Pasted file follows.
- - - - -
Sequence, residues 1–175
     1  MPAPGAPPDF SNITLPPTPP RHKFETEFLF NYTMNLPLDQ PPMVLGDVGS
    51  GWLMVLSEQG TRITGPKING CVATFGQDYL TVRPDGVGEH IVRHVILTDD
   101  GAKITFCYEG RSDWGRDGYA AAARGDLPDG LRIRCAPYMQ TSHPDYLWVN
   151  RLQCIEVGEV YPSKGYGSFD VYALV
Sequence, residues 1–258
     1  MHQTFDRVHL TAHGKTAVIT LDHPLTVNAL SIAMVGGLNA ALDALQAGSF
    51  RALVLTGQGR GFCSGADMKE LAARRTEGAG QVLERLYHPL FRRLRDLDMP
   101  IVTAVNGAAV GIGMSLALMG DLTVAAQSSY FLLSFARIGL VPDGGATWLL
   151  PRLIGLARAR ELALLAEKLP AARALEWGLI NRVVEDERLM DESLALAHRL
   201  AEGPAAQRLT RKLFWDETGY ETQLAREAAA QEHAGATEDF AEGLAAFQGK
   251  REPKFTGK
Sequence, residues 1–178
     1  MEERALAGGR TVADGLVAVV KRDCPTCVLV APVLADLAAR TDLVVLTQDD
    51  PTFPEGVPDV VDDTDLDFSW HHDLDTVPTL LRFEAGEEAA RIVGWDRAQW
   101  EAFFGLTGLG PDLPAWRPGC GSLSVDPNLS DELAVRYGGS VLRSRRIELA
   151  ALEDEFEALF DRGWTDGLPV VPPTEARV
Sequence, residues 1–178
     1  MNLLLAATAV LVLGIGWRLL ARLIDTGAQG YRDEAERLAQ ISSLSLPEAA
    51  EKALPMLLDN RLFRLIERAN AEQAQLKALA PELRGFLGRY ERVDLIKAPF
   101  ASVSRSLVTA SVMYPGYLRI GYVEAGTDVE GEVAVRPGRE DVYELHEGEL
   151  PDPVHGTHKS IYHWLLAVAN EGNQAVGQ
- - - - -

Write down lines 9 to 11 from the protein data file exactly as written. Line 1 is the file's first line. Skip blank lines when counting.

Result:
   101  IVTAVNGAAV GIGMSLALMG DLTVAAQSSY FLLSFARIGL VPDGGATWLL
   151  PRLIGLARAR ELALLAEKLP AARALEWGLI NRVVEDERLM DESLALAHRL
   201  AEGPAAQRLT RKLFWDETGY ETQLAREAAA QEHAGATEDF AEGLAAFQGK